The Great Music Industry Power Shift

The long drawn out demise of recorded music revenue is well documented, as is the story of artists, labels and managers all trying to make sense of a world in which music sales can no longer be counted upon.  But the contraction of recorded revenue has occurred at the exact same time that the live music sector has undergone a renaissance.  The net effect, when coupled with publishing revenue holding its own and  the growth of albeit modest, merchandise revenue, is that the global music industry has largely held its own, contracting by just 3% between 2000 and 2013 (see figure).  Compare and contrast with the 41% decline in (retail) recorded music revenue over the same period.  Indeed it is the 60% growth in live revenue that has done most to offset the impact of declining music sales.

music industry revenuePerhaps most significantly of all, the contrasting fortunes of the music industry’s two main revenue streams is that the share of total revenues accounted for by recorded income has dropped from 60% in 2000 to just 36% in 2013.  The balance of power has firmly shifted away from labels to the live value chain.  Yet it is not as clear a picture as might first appear:

  • Recorded music is still the main way people interact with music:  Whether it be on the radio, YouTube, Spotify, an iTunes or a CD, the vast majority of consumers spend the vast majority of their music consumption time with the recorded product not the live product.  In fact just 15% of people regularly go to gigs.  And even for these consumers live is, in terms of total time spent, just a small fraction of their music consumption.  So labels are faced with paradox of making less money from artists yet those same artists still needing the recording in order to drive live and merch income.  This is why we ended up with 360 deals.
  • Much of the market growth didn’t make it down to artists: The live music value chain is an incredibly complex one with multiple stakeholders taking their share (ticketing, secondary ticketing, venues, booking agents, promoters, tax, expenses etc.).  The share of live revenue that artists make from live has declined every year since 2000.  The impact on the total market is that  total artist income (i.e. from all revenue sources) has declined every year too since 2009.

The Next Music Industry

It is probably fair to say that we are approximately half way through a huge period of transition for the music industry.  The realignment of revenue is merely a precursor to the new business models, products and career paths that will emerge to capitalize on the new world order.  It is in this next phase that the real ‘fun’ will start.  Expect every traditional element of the industry to be challenged to its core, expect dots to be joined and old models to be broken.  But be in no doubt that what we will end up with will be an industry set up for success in the digital era.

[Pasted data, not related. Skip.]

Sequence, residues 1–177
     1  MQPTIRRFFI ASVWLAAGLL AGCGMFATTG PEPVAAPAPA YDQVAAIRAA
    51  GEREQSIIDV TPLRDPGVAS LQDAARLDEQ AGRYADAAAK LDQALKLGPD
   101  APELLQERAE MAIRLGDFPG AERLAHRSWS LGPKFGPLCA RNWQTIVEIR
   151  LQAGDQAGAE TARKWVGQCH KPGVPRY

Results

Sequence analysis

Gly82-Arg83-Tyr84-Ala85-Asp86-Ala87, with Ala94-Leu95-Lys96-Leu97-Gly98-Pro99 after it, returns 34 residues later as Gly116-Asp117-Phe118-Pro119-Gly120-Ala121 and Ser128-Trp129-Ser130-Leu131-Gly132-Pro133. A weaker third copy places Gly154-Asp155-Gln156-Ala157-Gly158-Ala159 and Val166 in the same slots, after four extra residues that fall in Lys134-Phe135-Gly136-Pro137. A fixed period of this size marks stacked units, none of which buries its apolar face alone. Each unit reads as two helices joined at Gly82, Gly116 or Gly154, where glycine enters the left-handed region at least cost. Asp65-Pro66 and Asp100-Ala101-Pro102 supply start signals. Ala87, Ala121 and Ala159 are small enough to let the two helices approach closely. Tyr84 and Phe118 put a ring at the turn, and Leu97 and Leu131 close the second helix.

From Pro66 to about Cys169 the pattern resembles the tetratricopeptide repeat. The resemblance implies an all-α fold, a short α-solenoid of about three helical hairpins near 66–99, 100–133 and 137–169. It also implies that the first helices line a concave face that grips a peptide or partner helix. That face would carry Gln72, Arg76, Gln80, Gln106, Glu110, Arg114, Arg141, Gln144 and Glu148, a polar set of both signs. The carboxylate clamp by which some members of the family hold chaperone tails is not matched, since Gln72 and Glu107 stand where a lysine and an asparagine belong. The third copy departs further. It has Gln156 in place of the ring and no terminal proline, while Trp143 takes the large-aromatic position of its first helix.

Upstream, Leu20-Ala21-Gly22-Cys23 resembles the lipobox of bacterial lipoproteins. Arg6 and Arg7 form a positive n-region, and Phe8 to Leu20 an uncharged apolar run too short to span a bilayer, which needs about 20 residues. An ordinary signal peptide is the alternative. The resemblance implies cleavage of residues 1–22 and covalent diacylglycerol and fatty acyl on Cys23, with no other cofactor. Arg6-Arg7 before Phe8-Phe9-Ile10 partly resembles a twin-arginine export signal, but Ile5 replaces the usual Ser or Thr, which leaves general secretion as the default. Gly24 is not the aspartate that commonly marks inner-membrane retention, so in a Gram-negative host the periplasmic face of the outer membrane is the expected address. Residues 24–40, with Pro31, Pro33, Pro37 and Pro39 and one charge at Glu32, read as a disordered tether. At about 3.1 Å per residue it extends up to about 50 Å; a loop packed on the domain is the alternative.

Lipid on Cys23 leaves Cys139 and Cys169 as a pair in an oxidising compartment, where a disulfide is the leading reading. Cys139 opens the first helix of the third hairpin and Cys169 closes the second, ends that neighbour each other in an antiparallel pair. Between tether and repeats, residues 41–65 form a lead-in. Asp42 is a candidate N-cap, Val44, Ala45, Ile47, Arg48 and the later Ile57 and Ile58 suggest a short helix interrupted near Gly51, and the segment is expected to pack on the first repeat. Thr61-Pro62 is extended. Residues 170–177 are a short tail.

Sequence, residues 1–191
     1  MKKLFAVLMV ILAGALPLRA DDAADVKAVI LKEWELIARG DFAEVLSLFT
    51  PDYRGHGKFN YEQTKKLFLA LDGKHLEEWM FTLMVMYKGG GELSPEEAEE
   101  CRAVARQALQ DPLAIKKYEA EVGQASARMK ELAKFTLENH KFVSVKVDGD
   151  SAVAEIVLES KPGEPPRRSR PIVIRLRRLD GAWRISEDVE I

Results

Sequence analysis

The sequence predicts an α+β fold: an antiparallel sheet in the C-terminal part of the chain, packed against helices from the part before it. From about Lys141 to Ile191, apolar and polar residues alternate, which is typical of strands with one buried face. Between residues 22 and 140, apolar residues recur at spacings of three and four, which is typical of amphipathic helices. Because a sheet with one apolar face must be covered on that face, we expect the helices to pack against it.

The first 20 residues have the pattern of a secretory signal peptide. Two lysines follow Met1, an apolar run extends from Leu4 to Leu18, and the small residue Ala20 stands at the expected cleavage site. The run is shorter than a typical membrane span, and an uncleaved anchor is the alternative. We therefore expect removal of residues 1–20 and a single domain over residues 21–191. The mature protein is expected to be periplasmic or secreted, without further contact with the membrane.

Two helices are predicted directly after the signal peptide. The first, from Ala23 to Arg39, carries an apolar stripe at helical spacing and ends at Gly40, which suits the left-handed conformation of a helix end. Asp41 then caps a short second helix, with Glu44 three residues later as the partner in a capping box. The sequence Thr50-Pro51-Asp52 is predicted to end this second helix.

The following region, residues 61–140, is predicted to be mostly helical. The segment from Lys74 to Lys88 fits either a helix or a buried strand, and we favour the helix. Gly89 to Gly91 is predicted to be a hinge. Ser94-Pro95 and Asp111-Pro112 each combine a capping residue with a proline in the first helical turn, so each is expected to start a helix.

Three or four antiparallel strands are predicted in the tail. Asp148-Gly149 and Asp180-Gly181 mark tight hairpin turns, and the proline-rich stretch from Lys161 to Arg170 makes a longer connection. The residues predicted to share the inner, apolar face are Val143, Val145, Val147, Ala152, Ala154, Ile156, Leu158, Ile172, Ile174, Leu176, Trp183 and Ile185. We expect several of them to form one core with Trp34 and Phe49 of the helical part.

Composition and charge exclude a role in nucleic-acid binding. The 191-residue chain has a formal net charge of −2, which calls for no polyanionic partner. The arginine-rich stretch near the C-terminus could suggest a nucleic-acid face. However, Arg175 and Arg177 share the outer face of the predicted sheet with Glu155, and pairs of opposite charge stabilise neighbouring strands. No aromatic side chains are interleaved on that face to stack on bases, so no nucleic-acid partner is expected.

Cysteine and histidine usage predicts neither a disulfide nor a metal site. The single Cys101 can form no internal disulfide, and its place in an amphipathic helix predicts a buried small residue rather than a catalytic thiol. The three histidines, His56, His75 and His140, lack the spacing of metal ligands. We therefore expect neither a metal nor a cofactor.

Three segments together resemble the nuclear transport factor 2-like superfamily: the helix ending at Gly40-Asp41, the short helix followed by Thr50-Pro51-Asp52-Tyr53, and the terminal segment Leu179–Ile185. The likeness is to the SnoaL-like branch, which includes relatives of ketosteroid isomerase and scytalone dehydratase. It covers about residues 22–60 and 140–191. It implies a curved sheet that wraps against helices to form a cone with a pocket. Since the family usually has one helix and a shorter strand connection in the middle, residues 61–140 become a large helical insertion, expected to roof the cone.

NOTE: the figures quoted in this post are taken from a forthcoming MIDiA report: The Superstar Artist Economy: Artist Income and the Top 1%.  The report is a follow up to the previous MIDiA report ‘The Death of the Long Tail’

 

 

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26 thoughts on “The Great Music Industry Power Shift

  1. Pingback: A Journal of Musical ThingsHere's How the Power Has Shifted in the Music Industry » A Journal of Musical Things

  2. I assume your figures are nominal over the period so the decline in total revenue has been more than just 3% and probably closer to 20-30% decline

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  4. Pingback: Research Shows Music Industry has only declined 3% since 2000 | RapRehab

  5. It would be misleading to publish these results without adjusting for inflation, or including adjusted figures for comparison. Certainly it would be wrong to state the conclusion as a decline of only 3% if in fact these are unadjusted figures. Since 2000 cumulative inflation in the UK is nearly 50%, and in the USA nearly 40%. Taking 40% as a rough global average, a decline of ‘only’ 3% in unadjusted figures would be equivalent to a decline of about 43% in real terms. Which is it?

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  13. It is only normal for the shit to happen as people have access to cheaper everything. We have cheaper musical instruments, recording equipment and on the whole, people can easily sell their own music online. With this in mind, it is normal for the giants to have lower percentage of the revenues!